As Cornellians, we must defend and protect each other’s right to belong on this campus, our campus, despite and because of our differences. Last night’s incident is the most recent in a series of attacks to minority students on campus. It is a reflection of America and it is a reflection of Cornell.
Students should feel safe in their institution of learning, should be able to walk home without fearing for their lives, should be able to thrive in our classes without bearing the burden of trying to fix systemic, institutional, and interpersonal attacks on this campus. Students should be able to call Cornell their home.
We can say that this isn’t who we are, but what tells us otherwise? Unfortunately, this is not an isolated incident — minorities on this campus have faced verbal and physical assault based on differences of identity since its founding. This incident is a direct reflection of who we are as Cornellians: while the assault of a student of color is not new, neither is the intervention of others when someone is assaulted. As students, we have the power to change who Cornell is, because what is Cornell if not all of us.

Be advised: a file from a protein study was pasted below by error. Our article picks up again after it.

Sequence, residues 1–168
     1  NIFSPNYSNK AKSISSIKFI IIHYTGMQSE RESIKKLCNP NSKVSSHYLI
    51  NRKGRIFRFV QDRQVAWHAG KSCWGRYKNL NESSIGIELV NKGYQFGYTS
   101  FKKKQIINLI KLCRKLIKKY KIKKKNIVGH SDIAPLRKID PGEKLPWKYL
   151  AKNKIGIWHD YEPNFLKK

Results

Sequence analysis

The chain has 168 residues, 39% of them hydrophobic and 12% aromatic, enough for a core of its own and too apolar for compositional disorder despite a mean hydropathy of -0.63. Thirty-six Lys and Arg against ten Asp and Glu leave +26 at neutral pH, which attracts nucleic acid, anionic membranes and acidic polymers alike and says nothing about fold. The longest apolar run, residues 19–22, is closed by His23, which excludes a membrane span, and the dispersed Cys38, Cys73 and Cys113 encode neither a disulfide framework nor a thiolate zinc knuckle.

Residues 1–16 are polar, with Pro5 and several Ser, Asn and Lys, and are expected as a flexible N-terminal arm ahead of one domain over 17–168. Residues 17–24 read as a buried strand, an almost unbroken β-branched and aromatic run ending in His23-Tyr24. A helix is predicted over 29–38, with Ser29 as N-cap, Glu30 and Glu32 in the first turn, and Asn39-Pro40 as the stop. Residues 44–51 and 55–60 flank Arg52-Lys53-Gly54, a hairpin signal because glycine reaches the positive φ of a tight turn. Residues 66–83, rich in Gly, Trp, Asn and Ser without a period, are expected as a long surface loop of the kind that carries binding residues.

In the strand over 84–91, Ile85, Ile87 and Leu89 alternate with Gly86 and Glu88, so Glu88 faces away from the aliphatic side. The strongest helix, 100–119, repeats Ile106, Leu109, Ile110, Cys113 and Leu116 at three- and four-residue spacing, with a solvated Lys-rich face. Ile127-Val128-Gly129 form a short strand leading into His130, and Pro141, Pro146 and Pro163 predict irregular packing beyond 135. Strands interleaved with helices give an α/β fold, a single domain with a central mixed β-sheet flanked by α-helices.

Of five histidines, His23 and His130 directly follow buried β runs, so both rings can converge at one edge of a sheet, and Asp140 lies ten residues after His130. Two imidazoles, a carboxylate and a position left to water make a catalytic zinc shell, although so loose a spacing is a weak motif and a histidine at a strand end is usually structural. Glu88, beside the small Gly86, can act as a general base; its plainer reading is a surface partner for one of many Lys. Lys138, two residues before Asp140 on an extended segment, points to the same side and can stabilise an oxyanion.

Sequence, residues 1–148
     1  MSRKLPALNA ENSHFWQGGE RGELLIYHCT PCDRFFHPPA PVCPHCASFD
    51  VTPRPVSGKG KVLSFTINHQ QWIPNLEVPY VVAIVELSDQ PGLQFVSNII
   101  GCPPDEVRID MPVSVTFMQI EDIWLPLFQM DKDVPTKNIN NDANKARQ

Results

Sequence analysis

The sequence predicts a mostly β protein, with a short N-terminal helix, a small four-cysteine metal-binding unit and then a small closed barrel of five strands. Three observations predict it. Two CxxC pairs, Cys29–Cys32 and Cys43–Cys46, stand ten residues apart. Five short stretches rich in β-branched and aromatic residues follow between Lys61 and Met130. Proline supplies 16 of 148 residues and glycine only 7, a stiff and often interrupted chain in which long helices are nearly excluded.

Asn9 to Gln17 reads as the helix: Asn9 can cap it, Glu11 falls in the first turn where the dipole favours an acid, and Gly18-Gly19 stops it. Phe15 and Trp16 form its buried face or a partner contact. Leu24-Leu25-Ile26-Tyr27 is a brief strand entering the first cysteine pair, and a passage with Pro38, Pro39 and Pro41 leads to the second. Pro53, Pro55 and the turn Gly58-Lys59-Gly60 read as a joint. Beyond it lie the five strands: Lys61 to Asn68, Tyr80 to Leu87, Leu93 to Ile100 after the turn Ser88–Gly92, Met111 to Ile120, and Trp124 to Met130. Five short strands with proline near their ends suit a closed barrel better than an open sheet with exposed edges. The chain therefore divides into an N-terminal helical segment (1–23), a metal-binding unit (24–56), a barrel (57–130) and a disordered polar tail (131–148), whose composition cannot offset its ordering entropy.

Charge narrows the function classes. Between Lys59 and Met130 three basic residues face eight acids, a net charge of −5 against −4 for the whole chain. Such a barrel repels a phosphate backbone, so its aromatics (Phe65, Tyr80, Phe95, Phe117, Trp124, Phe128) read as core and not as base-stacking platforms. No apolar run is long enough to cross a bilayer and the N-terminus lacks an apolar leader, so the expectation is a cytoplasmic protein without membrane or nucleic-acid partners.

We must not wait until other students become victim to identity charged incidents to take action. Last night’s incident makes the work of the University Assembly’s Codes and Judicial Committee Working Group on Hate Speech and Harassment and the Presidential Task Force more pertinent than ever.
The Student Assembly calls on the Presidential Task Force, with a representative from each committee, to share an update at our upcoming meeting. In addition, we request that the Working Group on Hate Speech and Harassment make a presentation to the Student Assembly and share their updates regarding changes to the Campus Code of Conduct language.